It's also possible to define 'applications' as a group of VMs or other resources monitored by vCharter Pro. For example, we used the 'Application builder' to create an application for an accountancy system. We created an end-user tier that contained the Linux firewall used to provide access to the accountancy server, and another tier that contained the Windows-based application server and its outbound firewall. A default Service Level Agreement (SLA) was automatically associated with our application to measure its availability. By default, availability was defined as the state of the component VMs: if they were available, our SLA was met. After a few days it turned out that our SLA monitor occasionally reported a red alert. We could easily see that this was because the outbound firewall sometimes used memory that had been swapped out to VMware virtual memory. As with all SLA monitoring tools, some negotiation with service consumers is needed to decide which events would actually make the service unavailable. In this case we decided that although swapping memory in this way wouldn't make the service unavailable to users, we would nonetheless adjust the VM settings to prevent it happening. A look at the vCharter Pro page for that VM showed it was using 4 percent of the 256MB allocated to it, so we reduced the allocation to prevent the unused memory being swapped out.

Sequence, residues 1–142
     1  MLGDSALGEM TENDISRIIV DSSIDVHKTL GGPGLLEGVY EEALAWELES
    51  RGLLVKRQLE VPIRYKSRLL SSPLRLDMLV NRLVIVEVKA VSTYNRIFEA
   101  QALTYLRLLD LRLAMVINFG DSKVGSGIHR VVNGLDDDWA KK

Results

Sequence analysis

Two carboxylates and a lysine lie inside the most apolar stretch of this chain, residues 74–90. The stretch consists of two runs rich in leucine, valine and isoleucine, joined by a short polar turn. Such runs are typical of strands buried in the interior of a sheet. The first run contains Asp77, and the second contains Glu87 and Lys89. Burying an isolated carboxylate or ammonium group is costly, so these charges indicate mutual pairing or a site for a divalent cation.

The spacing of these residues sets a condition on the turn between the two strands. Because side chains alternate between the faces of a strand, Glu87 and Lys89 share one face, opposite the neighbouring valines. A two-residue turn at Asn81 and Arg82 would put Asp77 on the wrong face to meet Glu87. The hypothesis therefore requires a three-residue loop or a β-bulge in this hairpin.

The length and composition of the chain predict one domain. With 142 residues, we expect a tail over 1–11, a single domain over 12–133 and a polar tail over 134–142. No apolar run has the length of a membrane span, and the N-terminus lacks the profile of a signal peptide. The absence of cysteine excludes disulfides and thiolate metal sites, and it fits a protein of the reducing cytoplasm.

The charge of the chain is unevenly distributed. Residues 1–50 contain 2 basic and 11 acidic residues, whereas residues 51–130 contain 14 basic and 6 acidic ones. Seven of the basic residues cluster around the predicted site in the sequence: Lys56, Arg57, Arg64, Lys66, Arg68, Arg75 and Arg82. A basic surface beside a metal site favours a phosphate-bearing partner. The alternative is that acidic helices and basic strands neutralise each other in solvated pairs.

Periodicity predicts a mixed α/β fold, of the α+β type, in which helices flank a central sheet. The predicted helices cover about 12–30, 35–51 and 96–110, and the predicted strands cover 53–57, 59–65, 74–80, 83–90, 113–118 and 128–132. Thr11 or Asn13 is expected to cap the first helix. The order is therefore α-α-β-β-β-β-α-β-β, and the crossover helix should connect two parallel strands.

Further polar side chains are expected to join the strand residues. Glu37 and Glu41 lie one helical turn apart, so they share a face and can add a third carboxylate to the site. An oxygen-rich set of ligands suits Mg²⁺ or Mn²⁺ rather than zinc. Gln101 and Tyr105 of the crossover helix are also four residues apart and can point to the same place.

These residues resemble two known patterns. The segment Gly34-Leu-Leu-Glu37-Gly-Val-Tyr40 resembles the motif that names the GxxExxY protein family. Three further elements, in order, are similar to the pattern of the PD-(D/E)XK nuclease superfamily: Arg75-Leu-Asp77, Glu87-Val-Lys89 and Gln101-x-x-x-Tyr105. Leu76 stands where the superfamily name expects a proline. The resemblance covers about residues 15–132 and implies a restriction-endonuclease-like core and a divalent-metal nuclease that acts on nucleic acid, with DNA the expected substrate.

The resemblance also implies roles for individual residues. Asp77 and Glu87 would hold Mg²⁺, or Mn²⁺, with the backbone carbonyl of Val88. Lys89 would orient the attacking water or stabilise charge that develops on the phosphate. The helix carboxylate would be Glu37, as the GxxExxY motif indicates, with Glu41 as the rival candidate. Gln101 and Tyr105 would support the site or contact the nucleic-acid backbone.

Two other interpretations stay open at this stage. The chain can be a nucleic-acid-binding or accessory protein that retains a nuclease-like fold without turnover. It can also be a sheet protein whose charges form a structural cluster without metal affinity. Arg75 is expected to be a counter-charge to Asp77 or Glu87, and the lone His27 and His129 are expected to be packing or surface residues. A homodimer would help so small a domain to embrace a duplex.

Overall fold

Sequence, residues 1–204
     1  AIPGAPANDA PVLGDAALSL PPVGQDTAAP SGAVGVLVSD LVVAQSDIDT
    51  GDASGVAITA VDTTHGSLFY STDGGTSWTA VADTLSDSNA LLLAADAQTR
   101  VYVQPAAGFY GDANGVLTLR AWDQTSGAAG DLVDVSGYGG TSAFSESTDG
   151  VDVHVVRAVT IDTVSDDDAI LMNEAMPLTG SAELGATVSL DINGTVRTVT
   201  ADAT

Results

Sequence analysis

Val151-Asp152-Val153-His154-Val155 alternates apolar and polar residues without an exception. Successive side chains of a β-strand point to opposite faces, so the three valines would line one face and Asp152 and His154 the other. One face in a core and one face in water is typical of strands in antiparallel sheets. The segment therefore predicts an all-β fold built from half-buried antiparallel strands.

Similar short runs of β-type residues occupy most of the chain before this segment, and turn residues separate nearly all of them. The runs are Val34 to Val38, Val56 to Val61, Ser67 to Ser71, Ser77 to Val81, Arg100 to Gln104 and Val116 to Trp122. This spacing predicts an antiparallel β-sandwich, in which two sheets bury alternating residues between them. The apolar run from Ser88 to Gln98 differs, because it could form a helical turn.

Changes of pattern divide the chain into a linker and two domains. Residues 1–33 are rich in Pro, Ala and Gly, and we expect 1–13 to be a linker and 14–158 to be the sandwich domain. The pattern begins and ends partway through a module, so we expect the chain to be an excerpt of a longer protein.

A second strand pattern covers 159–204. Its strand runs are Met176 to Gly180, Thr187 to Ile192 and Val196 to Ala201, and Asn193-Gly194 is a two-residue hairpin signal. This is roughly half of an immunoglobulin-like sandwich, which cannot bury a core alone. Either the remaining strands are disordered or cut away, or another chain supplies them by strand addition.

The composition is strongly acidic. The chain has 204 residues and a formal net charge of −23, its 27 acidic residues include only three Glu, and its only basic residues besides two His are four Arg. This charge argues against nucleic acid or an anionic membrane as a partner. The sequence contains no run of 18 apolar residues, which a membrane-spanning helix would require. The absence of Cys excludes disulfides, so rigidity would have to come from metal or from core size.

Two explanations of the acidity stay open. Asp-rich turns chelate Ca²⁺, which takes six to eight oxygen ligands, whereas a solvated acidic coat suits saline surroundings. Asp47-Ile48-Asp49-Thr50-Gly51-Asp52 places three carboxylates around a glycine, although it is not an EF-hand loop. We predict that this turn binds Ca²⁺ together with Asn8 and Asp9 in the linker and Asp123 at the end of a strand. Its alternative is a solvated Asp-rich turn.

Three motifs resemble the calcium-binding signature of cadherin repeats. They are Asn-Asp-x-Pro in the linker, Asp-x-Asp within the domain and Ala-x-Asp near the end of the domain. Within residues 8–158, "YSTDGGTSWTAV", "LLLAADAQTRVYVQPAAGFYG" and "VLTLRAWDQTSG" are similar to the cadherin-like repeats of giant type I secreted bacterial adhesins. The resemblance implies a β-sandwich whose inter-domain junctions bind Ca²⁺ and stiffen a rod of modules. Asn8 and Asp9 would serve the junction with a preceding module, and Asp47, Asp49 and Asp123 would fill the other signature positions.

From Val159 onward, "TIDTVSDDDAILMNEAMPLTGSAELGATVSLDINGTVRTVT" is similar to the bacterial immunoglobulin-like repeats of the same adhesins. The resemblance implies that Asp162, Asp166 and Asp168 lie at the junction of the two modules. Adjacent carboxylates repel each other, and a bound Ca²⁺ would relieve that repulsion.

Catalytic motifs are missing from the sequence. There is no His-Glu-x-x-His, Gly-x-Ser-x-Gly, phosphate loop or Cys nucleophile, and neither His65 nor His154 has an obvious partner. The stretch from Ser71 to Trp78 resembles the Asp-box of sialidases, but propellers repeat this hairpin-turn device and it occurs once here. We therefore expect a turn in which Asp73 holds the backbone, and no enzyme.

The vCharter Pro page for a VM running an outbound firewall.
Next we defined an application to model our mail system. We could then use the Services dashboard to verify that our services were running within the SLA and to see a summary of the number of alerts that could affect our application. We could also use the Application Detail dashboard to get a more detailed view of the alerts from the servers that together made up the applications.
We noticed a few rough edges. For example, one of the main hierarchy items is called 'Hosts'. However, we found many of the items in this Hosts hierarchy reported 'No data to display'. Vizioncore told us that this was linked to the common host model used by Foglight, and recommended that the Hosts dashboard be left alone until the host model is updated in a future version of vCharter Pro.
We were disappointed to see the Billback reports from vCharter were no longer available in the latest version, and surprised that the default password policy is even stricter than it is on Windows Server 2008. vCharter Pro requires passwords to contain both alphabetical and numeric characters, including at least one capital letter plus a non-alpha character too.
Overall, this is an extremely useful but rather complex product. For example, we wanted to configure the email interface used to send reports to administrators, but couldn't find all the information we needed in the online documentation. We did get help from some training materials, and would recommend that users attend a training course to learn how to get the best from this powerful platform.